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Wednesday, April 13, 2016

Environmental Sustainability: The menace of ‘Free-riding’

The long-term temperature averages, melting of glaciers, the ratio of record highs to record lows, etc., are all pointers to a continuously accelerating rise in global temperatures. Yet, there is no evidence of concerted effort from governments across the globe to initiate action against climate change. On the other hand, there are arguments galore against any effort to put a limit on emissions through legislation claiming that it would cripple the economy. There are even corporates that are said to be spending tons of money promoting denial of climate change, while many other companies fund politicians of all hues to vociferously oppose any proposed action by the governments against climate change.

Climate change—a change that is happening a lot faster than we all have grasped—is a unique global problem that calls for equally unique global response. Although every industry is eager to benefit from the environment, no one is willing to come forward to bear the cost associated with the arrest of environmental degradation. As a result, it is the public/government through taxpayers’ money that is fighting against the negative fallout of industrial exploitation of the environment—particularly by industries such as coal, oil, chemical and other mining industries. Obviously, such avoidance of fulfilling their obligations towards protection of environmental pollution is resulting in ‘free-riding’—a social phenomenon that is reaching increasingly menacing proportions.

This menace is not just confined to individuals or, business entities, even nations are resorting to the practice of free-riding. The chasm between the wealthier west and the developing countries of the east in reducing carbon emissions and sharing the burden of the underdeveloped countries by the rich to adopt green technologies is one such example.

Free-riding essentially emanates from individuals who tend to benefit from the collective goods but avoid bearing the cost. In economic terms, it refers to a situation where some individuals in a population either consume more than their fair share of a common resource, or pay less than fair share of the cost of a common resource.

When it comes to environmental free-riding, it refers to the tendency of individuals/businesses to benefit from what the environment offers while simply avoiding the costs meant for its protection. We all know that when each of us pollutes the river less by carefully diverting the drainage water away from the river by incurring a little cost, we all stand to benefit from the said reduced pollution in terms of availability of potable water. As against this, one individual’s polluting less may not matter enough—even the said individual himself may not notice the good that he is doing by polluting the river less. So, being carried away by a feeling that his polluting the river less hardly matters, he may not contribute his share toward not polluting the river. Thus, he becomes a free-rider on the beneficial actions of the others.   The worse is: even the governments are resorting to this unethical free-riding, all in the greed for maximisation of wealth with least cost as input.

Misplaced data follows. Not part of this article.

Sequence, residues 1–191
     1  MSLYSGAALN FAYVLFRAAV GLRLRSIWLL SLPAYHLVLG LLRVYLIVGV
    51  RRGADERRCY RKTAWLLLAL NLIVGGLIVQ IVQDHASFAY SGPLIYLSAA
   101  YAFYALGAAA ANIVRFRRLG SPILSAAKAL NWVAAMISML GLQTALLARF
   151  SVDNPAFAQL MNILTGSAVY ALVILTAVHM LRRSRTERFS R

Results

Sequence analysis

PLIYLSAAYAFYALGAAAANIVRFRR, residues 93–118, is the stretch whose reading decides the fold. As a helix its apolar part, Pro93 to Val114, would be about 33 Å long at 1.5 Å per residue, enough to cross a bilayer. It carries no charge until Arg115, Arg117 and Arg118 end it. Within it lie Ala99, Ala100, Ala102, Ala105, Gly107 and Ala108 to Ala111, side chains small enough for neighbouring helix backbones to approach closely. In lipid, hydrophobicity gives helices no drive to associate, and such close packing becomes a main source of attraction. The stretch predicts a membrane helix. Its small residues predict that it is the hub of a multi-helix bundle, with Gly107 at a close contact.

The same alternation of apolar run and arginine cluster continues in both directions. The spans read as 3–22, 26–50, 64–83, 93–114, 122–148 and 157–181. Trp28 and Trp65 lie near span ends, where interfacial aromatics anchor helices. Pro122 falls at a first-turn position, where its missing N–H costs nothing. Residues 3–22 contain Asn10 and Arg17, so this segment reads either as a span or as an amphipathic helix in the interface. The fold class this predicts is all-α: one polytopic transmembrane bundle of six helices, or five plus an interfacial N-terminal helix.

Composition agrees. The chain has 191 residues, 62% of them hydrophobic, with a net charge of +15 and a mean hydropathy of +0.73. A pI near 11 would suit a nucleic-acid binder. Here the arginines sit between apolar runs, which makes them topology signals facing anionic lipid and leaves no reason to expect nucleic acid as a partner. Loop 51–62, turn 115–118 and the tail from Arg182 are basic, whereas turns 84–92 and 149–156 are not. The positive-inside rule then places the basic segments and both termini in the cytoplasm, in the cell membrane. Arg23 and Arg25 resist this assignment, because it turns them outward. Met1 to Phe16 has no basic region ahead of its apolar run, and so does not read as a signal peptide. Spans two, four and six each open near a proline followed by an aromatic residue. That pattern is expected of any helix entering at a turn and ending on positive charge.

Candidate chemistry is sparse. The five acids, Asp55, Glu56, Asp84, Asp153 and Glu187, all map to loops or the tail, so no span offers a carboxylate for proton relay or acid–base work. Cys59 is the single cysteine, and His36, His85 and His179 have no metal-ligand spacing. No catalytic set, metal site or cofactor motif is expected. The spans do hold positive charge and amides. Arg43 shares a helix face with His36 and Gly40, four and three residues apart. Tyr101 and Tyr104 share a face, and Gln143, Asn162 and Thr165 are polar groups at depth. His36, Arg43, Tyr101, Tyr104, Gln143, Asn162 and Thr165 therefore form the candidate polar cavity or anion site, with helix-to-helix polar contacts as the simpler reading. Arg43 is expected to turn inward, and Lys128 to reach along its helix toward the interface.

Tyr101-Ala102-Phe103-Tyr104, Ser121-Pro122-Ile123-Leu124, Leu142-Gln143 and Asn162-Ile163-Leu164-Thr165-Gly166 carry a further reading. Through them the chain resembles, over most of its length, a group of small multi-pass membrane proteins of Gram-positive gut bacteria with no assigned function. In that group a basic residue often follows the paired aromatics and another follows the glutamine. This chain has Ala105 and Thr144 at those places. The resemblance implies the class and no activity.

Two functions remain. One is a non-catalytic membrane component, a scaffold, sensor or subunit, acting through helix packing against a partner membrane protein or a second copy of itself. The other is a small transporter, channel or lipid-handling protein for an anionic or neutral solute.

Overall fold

It is needless to stress here that avoidance of costs associated with the environmental degradation by the economic agents engaged in its creation and fulfilling their obligations towards its resolution is sure to create long-term problems to the whole of the society. Which is why free-riding has become the greatest obstacle for accomplishing Pareto optimality in managing environmental problems. Indeed this phenomenon is playing havoc with market economy, warranting urgent corrective measures for maintaining optimal balance for public benefit.

As we all know, it is a basic tendency of human beings to care for individual interest rather than social interest and in the process crave for maximum benefit from social input sans costs. To curb the menace of free-riding, public institutions that are vested with powers to effectively manage environment must exercise their powers effectively by putting in operation such regulations which curb these practices and importantly, ensure that every related party complies with the regulations.

Contrary to this requirement, what we often find is: these institutions fail to perform their duties, primarily due to lack of technical expertise. Secondly, the institutions meant for governance often suffer from political interference, particularly in developing countries. Over it, these institutions are often found manned by such staff who are highly ignorant of their role even. And over it, politicians are not doing what they are expected to do. 

This myopic outlook obviously calls for a new mindset. It is time that the public authorities raise to the occasion by creating necessary regulatory framework  to arrest the menace of free-riding and thereby ensure environmental protection and its sustainability.  


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